History and Culture
- Explores Varying Interpretations of Historic Events
- Identifies Patterns and Trends
- Provides Lively Discussion and Debate
To understand the present, we first must know the past. These courses focus on the origins of civilization, explore the causes and effects of world events, and debate conflicting interpretations of past events. From the world stage to New York City’s five boroughs, examine how history impacts our lives today.
This semester, study in-person or from anywhere in the world from the safety and comfort of your home through online or remote instruction.
Explore magnificent palaces and mansions in England, France, Italy, Holland, and Sweden, to reveal the architecture, interiors, and decorative...
Explore how studying other democracies can shed light on the troubled present—and possible future—of American politics and government.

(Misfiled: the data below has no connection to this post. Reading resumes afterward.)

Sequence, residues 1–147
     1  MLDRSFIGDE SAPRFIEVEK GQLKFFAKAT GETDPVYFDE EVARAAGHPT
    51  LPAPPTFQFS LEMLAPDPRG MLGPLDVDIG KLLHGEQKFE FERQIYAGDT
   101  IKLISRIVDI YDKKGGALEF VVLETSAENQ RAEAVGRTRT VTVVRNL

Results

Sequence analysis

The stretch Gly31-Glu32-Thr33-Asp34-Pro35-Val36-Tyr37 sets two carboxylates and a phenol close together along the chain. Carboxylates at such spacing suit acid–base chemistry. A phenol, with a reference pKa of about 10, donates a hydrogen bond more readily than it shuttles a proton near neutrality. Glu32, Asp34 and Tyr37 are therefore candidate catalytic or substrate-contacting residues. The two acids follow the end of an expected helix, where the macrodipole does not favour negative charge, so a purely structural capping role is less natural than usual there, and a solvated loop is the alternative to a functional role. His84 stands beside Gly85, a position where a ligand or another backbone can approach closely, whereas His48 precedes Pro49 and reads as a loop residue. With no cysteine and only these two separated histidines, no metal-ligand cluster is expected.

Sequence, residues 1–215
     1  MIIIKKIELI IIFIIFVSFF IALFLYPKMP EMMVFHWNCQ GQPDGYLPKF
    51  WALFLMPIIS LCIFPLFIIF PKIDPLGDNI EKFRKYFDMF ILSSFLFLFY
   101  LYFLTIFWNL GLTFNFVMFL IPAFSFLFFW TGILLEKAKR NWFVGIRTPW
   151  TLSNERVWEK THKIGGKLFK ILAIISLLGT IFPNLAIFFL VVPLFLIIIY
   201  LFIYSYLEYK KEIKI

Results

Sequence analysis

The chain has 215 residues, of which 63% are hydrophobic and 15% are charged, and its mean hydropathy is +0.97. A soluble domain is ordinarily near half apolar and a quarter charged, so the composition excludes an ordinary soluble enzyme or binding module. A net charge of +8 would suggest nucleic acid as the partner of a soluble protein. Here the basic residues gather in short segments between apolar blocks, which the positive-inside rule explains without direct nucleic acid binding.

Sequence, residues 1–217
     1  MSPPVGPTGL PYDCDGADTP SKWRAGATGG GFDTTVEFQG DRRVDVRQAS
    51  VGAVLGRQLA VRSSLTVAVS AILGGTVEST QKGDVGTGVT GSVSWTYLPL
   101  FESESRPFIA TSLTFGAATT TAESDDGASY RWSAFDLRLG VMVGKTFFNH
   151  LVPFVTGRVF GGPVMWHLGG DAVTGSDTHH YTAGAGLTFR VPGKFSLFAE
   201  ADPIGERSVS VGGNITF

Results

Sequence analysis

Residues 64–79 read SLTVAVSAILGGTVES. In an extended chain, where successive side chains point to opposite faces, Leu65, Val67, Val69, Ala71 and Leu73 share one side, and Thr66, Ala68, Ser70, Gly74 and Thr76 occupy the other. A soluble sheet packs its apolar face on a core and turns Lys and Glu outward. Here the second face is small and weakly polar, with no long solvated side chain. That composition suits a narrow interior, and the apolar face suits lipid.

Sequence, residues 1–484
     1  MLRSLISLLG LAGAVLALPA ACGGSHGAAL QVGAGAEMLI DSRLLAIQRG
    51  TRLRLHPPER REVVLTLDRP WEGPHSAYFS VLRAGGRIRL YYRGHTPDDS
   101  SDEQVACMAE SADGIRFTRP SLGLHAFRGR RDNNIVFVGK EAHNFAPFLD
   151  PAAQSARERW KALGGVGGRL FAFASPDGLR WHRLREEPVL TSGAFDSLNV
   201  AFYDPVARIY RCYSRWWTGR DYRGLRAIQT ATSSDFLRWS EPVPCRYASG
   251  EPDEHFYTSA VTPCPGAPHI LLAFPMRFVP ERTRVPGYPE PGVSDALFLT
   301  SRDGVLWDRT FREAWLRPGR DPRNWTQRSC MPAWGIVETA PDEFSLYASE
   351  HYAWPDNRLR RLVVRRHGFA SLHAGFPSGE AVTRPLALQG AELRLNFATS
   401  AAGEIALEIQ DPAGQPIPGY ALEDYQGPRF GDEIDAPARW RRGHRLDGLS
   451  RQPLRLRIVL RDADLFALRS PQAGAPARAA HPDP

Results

Explore the key free speech debates that have demarcated the boundaries of what can—and cannot—be said in the United States.
Learn the postwar history of China from the perspective of political, diplomatic, and economic history.
As the world celebrates King Charles III’s coronation, explore centuries of coronation history, traditions, treasures, and scandals in England.
Explore John F. Kennedy’s accomplishments and his vision for the United States that still reverberates today.
Study New York City’s history, from the earliest European encounters with Native Algonquian peoples to the Gilded Age.
Discover the many impressive houses and palaces of Scotland that have played a significant role in history and popular culture.
Explore New York City’s role as a “World City” and how it will change in the future.
Trace the development of the United States as a superpower, from the 19th century to the Vietnam War.
Gain new insights into the Vietnam War and Watergate by examining recorded conversations.
Explore New York City’s cultural history from the 1910’s to the 1970’s through art, literature, and architecture.
Using existing literature and art, explore women’s position in the sociopolitical sphere of the Ancient Near East.